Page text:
You Probably Don’t Realize You are Outsourcing Your ATMs… But Are You Doing It Right?

Many financial institutions prefer to “run their own ATMs.” For some, it is because that is how it has always been done. For others, it is because they believe they can offer better and more reliable service that meets their brand image and cardholder expectations. But the truth is they are already outsourcing the ATM operations – and likely losing money on the deal.

Outsource ATM Provides Tips on How to Protect Your Financial Institution from ATM Cash Out Attacks

An FBI warning of a Cash Out attack which involves the use of ATMs, proved all too credible. The warning is very likely related to a massive attack on the Cosmos Cooperative Bank in Pune, India where thieves made off with $13.5 Million. Outsource ATM is happy to provide tips on how to protect your financial institution from these types of attacks.

ATM Jackpotting: Protect Your Machines

ATM Jackpotting attacks have recently moved from Mexico to the United States. This relatively new phenomenon, utilizes a malware known as Ploutus-D, which compromises components of a well-known multivendor ATM software to gain control of hardware devices such as the dispenser, card reader and pin pad – allowing thieves to dispense all the cash within the machine in a few moments.

Is Your ATM Prepared for the Windows 10 Migration?

ATM software experts warned that the Windows 7 migration was sure to be short-lived. And as predicted, Microsoft made the official announcement early last year – Windows 7 extended support will end on January 14, 2020. Learn what you need to be doing now to prepare for the migration to Windows 10.

Education is the Key to Making the EMV Transition Smoother at the ATM

Education is the Key to Making the EMV Transition Smoother at the ATM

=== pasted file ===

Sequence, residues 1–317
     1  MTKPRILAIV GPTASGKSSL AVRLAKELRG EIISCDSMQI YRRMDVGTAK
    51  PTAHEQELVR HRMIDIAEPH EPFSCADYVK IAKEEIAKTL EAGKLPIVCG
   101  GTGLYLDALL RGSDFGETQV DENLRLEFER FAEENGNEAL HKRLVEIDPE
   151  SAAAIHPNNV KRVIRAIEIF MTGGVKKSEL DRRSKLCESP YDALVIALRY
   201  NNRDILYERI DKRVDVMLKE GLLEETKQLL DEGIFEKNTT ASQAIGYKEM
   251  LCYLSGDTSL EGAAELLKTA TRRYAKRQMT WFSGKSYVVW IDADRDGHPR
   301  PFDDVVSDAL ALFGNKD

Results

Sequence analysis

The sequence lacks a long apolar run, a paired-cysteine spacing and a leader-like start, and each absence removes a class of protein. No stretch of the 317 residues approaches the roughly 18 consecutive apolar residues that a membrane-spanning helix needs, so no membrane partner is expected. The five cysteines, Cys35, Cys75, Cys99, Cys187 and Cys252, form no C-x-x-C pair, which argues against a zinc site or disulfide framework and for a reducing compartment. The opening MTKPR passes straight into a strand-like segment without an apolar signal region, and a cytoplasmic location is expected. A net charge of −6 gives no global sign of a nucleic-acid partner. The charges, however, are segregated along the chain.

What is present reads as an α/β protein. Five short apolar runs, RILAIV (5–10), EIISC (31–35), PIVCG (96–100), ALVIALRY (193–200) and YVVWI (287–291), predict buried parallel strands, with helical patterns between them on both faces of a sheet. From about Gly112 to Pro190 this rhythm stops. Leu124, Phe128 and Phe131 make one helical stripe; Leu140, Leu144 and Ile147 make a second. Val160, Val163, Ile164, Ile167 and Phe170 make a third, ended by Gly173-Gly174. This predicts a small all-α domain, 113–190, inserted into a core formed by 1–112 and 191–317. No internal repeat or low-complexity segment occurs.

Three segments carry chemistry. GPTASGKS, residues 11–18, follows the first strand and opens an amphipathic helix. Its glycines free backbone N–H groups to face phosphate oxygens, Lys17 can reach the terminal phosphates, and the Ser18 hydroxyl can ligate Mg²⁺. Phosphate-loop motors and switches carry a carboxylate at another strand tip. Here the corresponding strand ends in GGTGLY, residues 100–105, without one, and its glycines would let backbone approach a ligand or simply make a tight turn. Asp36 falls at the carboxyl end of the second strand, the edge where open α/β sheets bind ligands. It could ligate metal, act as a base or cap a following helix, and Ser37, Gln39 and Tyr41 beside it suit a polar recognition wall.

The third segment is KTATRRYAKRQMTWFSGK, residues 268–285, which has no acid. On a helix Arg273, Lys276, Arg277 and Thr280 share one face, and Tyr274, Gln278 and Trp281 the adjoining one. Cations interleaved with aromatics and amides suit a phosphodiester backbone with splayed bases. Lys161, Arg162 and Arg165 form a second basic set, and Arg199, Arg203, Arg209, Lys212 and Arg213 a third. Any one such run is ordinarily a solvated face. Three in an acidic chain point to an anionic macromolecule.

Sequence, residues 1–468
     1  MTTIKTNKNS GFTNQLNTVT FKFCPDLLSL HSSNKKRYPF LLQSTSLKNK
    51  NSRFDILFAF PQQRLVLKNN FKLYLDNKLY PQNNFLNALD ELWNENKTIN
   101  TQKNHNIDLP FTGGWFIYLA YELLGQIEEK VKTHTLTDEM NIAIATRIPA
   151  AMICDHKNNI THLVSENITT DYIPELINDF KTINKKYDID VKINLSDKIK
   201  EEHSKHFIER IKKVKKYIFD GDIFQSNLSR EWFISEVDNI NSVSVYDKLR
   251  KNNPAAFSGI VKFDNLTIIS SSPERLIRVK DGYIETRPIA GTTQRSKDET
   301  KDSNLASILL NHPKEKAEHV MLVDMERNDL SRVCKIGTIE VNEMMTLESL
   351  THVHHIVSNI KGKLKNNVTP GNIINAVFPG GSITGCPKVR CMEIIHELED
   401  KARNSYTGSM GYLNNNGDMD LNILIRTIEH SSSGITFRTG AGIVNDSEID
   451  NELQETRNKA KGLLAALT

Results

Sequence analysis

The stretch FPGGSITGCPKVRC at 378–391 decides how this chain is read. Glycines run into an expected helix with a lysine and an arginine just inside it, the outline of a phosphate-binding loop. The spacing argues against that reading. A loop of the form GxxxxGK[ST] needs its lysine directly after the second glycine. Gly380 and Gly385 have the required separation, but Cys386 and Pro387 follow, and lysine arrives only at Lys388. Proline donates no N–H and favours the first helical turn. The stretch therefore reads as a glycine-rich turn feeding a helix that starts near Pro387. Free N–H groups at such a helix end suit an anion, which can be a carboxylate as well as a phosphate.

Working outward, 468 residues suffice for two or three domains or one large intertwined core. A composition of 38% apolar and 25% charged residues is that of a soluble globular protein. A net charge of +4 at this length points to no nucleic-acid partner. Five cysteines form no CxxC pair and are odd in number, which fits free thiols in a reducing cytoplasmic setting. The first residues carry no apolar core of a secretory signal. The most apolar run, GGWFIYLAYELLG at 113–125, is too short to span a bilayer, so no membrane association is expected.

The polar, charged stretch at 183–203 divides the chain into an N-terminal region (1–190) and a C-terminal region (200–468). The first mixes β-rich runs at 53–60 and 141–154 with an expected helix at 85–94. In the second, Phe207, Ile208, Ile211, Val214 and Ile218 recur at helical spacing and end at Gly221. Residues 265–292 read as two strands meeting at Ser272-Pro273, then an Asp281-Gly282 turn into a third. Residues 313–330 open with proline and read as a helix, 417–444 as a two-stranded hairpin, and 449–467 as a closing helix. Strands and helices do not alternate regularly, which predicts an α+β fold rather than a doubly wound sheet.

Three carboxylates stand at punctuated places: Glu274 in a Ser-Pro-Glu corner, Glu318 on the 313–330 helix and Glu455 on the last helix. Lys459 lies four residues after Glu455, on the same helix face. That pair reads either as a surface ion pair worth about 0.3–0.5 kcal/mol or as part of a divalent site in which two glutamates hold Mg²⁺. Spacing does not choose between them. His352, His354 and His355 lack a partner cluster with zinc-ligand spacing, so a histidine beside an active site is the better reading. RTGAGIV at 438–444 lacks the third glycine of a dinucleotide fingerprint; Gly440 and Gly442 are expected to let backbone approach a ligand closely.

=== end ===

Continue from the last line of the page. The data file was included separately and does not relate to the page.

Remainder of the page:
Consumers have been frustrated by the EMV process at the POS because they are unfamiliar with the way the transaction works and it is not universal at all POS terminals. The result is confusion and longer transaction times as both merchants and cardholders wade their way through the learning process. While cardholders may be disappointed at the length of time an EMV transaction takes, the process will speed up once they are more familiar with the steps and know exactly when it should be used. The key to avoiding these problems for a smoother ATM transition is to create a unified experience. It is up to FIs and their ATM networks and suppliers to make this happen.

Holding Out on Your ATM EMV Upgrade Could Lead to Real Losses

Holding Out on Your ATM EMV Upgrade Could Lead to Real Losses

EMV has put a heavy burden on financial institutions. New chip-ready cards have increased the costs of running credit and debit programs not to mention the headaches of slow turnaround on the development and issuing of the new plastic.

What many banks and credit unions may not realize is the additional risks they may be taking by waiting to upgrade – including a significant increase in monetary risk.

Security and Safety for ATM Users: 5 Ways to Safeguard Your ATMs

Security and Safety for ATM Users: 5 Ways to Safeguard Your ATMs